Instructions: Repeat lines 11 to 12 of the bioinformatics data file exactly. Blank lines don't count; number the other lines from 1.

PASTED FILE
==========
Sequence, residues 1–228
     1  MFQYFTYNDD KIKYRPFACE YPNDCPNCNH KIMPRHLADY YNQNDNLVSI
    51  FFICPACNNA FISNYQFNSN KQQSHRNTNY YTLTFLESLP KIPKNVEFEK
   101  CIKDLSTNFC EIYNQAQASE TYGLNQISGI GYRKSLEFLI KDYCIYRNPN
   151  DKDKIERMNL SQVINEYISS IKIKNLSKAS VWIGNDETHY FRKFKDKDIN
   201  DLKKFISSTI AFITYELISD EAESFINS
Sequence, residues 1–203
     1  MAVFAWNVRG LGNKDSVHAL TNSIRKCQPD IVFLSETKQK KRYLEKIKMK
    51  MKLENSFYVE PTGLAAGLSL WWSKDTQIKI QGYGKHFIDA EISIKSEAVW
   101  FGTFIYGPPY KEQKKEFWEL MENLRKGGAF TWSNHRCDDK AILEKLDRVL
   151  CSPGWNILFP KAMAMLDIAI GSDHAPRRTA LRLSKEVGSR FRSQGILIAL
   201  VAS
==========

   151  CSPGWNILFP KAMAMLDIAI GSDHAPRRTA LRLSKEVGSR FRSQGILIAL
   201  VAS